Why computerized neuropsychological tests will become routine — chemo brain example

Good arti­cle today in the NYT on “chemo brain” — some typ­i­cal short-term and long-term cog­ni­tive con­se­quences of chemotherapy.

The Fog That Fol­lows Chemother­a­py (New York Times)

This quote is crit­i­cal — for chemo brain and also for a vari­ety of clin­i­cal con­di­tions that present asso­ci­at­ed cog­ni­tive impair­ments: “Con­trol­ling for brain func­tion before can­cer treat­ment begins can help deter­mine cause and effect. In one study, can­cer patients took a bat­tery of neu­ropsy­cho­log­i­cal tests before start­ing chemother­a­py, three weeks after com­plet­ing treat­ment, and again one year lat­er. Although a third of the patients had signs of cog­ni­tive impair­ment before ther­a­py began, the num­ber jumped to 61 per­cent after treat­ment, and half remained impaired a year later.”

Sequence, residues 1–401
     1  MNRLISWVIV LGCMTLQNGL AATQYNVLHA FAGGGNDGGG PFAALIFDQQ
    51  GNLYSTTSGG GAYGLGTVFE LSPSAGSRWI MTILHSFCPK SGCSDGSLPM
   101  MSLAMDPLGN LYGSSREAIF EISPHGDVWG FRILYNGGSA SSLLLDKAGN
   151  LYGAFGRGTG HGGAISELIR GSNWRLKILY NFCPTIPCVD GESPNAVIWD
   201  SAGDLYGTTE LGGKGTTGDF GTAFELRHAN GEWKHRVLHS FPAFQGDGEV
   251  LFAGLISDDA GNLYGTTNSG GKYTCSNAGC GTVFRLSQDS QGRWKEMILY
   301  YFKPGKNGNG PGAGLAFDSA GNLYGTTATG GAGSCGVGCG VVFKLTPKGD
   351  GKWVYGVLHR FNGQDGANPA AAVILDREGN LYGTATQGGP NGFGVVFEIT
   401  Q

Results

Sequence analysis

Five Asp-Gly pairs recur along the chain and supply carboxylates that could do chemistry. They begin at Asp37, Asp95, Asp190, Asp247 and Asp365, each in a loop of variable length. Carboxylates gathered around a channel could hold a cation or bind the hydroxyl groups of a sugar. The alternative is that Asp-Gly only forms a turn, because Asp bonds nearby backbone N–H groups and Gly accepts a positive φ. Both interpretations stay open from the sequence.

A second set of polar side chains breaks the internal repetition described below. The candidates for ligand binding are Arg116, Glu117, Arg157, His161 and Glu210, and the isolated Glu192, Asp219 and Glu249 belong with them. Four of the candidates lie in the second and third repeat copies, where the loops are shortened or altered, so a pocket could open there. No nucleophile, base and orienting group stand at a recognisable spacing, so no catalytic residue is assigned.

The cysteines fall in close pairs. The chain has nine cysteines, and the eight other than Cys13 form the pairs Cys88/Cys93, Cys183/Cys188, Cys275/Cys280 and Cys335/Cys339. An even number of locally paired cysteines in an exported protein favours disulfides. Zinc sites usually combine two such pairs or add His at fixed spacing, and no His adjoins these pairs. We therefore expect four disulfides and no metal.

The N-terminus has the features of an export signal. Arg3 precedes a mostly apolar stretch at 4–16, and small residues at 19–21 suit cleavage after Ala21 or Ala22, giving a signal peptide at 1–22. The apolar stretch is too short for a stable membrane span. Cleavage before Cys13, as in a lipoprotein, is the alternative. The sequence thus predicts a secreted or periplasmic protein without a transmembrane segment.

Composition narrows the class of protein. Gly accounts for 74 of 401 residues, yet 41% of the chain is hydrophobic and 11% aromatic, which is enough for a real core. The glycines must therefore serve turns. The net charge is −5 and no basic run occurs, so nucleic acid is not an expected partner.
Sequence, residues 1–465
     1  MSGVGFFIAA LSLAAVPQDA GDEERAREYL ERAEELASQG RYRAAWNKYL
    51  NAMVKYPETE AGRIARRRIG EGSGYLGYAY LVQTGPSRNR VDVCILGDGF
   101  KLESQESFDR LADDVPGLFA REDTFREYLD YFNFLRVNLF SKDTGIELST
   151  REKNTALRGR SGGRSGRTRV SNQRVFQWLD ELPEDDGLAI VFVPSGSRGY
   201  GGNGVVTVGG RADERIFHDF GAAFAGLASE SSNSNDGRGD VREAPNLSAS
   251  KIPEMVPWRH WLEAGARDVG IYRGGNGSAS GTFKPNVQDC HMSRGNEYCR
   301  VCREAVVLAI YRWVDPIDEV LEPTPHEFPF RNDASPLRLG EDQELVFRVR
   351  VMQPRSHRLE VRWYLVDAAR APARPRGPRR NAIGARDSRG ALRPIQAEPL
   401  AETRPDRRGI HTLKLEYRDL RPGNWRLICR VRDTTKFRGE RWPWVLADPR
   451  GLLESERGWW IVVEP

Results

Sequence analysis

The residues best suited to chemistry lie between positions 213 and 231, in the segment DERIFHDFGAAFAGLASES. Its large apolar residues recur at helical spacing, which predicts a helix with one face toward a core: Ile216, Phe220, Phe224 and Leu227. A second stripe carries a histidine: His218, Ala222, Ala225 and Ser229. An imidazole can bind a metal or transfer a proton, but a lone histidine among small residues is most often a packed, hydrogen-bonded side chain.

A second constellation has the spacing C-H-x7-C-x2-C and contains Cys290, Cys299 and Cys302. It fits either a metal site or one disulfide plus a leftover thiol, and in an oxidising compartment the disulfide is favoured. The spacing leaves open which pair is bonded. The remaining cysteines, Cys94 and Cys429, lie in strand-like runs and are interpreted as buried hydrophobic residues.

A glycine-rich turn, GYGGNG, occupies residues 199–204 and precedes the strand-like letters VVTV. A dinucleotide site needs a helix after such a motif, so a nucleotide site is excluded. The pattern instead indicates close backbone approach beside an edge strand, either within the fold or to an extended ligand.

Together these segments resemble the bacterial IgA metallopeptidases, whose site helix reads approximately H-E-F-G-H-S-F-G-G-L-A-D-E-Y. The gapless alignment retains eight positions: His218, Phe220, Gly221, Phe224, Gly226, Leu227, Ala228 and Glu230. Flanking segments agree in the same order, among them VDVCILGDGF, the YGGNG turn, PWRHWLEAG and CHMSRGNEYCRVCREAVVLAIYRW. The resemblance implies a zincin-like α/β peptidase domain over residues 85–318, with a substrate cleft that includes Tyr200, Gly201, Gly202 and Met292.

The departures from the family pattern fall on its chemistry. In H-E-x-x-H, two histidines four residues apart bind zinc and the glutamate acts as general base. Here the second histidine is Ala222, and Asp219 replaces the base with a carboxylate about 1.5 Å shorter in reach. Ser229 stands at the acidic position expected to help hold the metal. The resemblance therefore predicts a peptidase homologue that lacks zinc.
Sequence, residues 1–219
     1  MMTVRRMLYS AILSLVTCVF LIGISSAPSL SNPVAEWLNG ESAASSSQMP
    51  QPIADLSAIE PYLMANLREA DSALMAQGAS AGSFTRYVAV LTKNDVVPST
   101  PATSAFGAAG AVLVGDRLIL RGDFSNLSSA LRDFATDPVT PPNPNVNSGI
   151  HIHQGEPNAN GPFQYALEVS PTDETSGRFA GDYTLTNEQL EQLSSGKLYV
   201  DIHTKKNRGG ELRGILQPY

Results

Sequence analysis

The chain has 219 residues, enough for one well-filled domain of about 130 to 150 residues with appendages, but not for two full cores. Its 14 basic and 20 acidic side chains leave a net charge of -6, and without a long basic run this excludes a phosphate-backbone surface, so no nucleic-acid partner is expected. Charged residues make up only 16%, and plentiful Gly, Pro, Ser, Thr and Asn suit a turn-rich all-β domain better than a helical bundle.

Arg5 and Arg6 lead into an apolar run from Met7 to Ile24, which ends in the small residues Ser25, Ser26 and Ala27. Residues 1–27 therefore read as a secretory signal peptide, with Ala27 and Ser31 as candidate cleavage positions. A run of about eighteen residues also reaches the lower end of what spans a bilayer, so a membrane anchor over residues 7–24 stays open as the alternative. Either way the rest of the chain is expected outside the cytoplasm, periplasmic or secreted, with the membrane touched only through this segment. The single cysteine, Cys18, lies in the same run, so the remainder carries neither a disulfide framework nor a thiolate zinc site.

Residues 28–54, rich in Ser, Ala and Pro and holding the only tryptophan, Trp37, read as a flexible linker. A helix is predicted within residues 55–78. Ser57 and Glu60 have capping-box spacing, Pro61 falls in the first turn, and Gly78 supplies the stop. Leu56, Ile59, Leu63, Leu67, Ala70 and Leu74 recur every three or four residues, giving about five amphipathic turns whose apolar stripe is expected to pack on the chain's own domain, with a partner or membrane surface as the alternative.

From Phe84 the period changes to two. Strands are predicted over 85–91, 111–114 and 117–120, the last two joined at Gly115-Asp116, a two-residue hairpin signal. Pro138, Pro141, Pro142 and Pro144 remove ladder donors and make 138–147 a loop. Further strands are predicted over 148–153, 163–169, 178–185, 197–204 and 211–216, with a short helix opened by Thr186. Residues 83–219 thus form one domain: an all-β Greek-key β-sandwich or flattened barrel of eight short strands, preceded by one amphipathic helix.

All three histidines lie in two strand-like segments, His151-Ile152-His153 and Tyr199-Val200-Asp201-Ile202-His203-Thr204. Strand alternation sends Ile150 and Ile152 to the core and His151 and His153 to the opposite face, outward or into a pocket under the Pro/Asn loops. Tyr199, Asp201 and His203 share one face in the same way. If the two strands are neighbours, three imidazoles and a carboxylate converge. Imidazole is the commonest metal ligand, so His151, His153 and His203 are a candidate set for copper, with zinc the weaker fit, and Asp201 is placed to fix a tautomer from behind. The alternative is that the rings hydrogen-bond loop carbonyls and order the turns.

As we have dis­cussed before, we believe that inex­pen­sive com­put­er­ized cog­ni­tive assess­ments will start to become wide­ly avail­able in only a few years, to help set up indi­vid­u­al­ized cog­ni­tive base­lines and inform clin­i­cal diag­noses and treat­ments. For more, you can read Com­put­er­ized Cog­ni­tive Assess­ments: oppor­tu­ni­ties and concerns

About SharpBrains

SHARPBRAINS is an independent think-tank and consulting firm providing services at the frontier of applied neuroscience, health, leadership and innovation.
SHARPBRAINS es un think-tank y consultoría independiente proporcionando servicios para la neurociencia aplicada, salud, liderazgo e innovación.

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